Key people: The property manager

 

Michael Smith, Property Manager at Croome Court. ©NTPL/Layton Thompson

In this post, the first in an occasional series about the people involved in the acquisition process, I want to feature the property manager. At the historic houses and estates of the National Trust the property manager more or less takes on the role that the owner would have had in the past – although, for better or for worse, he or she has to do without the deference and the priviledged lifestyle. 

Croome Court, Worcestershire, in its park designed by Lancelot 'Capability' Brown. ©NTPL/Andrew Butler

The content of the job varies enormously from property to property. A manager might run a group of small properties, or a large single property that includes an agricultural estate and perhaps even a village. At some properties the focus is on the architecture of the main house and its contents, while at others the garden or park might be the most important element. Different properties attract different types of visitors. 

Sian Harrington, Property Manager at Osterley Park. ©NTPL/Matthew Antrobus

But in all cases the property manager has overall responsibility for the running of the place: from car parks, ticket sales and building maintenance to tea rooms, volunteers and concerts. Because of their key role, people like Michael Smith at Croome Court and Sian Harrington at Osterley Park are always involved in the discussion about a potential acquisition. 

Osterley Park, Middlesex, with its portico inserted by Robert Adam into the earlier, Elizabethan house. ©NTPL/Andrew Butler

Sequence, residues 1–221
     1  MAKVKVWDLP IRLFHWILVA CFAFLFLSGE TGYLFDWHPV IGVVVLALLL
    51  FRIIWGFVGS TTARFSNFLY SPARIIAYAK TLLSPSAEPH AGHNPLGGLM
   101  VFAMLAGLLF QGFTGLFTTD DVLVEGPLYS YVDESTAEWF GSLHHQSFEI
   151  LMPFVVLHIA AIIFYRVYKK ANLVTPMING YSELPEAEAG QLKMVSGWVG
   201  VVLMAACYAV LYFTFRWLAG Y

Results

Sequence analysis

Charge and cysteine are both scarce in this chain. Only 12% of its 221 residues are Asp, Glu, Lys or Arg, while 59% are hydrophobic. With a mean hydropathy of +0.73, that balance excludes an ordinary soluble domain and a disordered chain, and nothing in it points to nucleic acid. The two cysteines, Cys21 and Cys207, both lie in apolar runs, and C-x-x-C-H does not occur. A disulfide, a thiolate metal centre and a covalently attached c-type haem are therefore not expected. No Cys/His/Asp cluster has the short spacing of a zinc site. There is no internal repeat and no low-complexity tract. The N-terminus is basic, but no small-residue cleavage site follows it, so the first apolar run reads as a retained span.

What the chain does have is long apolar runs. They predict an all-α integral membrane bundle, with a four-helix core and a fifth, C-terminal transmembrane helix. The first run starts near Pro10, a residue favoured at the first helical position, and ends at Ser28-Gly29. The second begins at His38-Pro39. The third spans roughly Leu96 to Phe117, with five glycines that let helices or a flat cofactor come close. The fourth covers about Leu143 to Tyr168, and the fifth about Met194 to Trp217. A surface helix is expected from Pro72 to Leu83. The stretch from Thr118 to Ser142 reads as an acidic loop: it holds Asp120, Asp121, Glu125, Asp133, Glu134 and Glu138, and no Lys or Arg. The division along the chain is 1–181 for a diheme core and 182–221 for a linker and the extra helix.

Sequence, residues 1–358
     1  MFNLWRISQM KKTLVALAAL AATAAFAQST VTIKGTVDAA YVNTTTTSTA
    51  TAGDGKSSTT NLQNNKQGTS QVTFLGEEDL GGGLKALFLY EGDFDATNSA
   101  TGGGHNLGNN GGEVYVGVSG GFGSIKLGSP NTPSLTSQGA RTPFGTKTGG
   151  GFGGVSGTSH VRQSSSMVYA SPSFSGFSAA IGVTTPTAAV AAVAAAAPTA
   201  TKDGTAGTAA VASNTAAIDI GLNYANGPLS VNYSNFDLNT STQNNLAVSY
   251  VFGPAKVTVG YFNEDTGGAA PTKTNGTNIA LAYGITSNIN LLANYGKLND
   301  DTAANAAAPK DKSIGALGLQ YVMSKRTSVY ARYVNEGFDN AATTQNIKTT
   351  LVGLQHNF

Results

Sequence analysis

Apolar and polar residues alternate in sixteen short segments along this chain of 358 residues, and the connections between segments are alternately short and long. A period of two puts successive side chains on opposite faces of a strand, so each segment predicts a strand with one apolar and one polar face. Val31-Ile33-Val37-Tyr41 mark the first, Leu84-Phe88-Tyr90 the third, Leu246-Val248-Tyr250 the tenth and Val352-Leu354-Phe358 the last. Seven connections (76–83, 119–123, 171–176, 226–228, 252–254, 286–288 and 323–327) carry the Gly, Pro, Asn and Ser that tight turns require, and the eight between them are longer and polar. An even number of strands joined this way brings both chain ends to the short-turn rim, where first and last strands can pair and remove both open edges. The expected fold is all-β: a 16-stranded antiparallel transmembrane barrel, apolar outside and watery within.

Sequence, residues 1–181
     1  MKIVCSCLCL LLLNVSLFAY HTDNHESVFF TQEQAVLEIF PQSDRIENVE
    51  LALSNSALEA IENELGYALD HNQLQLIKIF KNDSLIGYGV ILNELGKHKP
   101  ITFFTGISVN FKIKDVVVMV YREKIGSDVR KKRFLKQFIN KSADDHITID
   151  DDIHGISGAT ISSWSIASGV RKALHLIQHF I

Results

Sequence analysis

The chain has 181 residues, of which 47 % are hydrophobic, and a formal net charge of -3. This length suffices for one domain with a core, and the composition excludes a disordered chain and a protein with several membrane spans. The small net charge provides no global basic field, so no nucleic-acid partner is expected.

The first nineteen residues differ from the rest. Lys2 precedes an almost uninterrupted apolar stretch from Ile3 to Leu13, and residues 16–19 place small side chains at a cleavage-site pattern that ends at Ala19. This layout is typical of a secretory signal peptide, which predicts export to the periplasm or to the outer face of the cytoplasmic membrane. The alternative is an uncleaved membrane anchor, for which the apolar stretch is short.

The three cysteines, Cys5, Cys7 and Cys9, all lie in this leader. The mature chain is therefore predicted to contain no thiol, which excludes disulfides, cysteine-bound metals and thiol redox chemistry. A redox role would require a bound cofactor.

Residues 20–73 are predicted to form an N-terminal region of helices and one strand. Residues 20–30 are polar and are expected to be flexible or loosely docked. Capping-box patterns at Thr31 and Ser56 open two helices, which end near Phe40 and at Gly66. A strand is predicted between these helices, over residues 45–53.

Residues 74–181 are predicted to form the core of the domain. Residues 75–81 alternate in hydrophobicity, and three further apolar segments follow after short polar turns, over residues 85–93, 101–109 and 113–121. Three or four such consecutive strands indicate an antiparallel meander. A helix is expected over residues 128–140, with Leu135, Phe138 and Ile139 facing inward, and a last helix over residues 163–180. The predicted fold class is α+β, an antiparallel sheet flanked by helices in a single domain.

Each acquisition is decided on its merits. The criteria to be considered include the intrinsic importance of the object, its relevance to the house and estate, whether it can be suitably and safely displayed, what its condition is and whether funds can be found to meet the costs involved.

4 Responses to “Key people: The property manager”

  1. columnist Says:

    Where can I sign up to manage a property?

    The Robert Adam insertion at Osterley is indeed odd, and somehow makes the building rather fake – as if it was a reproduction of something that one might find at a theme park. It’s very difficult to say this about one of my favourite architects and designers, (Adam), but I rather wished he’d left it to its Elizabethan glories!

  2. columnist Says:

    Having said that of course, the interiors are spectacular, and as NT notes, they are perhaps the best examples of his work.

  3. Emile de Bruijn Says:

    I am sure you would make an excellent property manager, except you would have to restrain the impulse to have glamorous candles in the dining room :). But seriously, for anyone interested in NT jobs, they are listed here: http://www.ntjobs.org.uk/

    Yes the architecture at Osterley is a curious mixture, but it did lead to Adam designing the amazing ‘transparent portico’, which even someone as critical as Horace Walpole professed to admiring.

  4. columnist Says:

    Thanks. I was half joking, but I will explore it further, for fun. Yes, the Walpoles were no slouches with their commissions either, Robert at Houghton, and Horace at Strawberry Hill.

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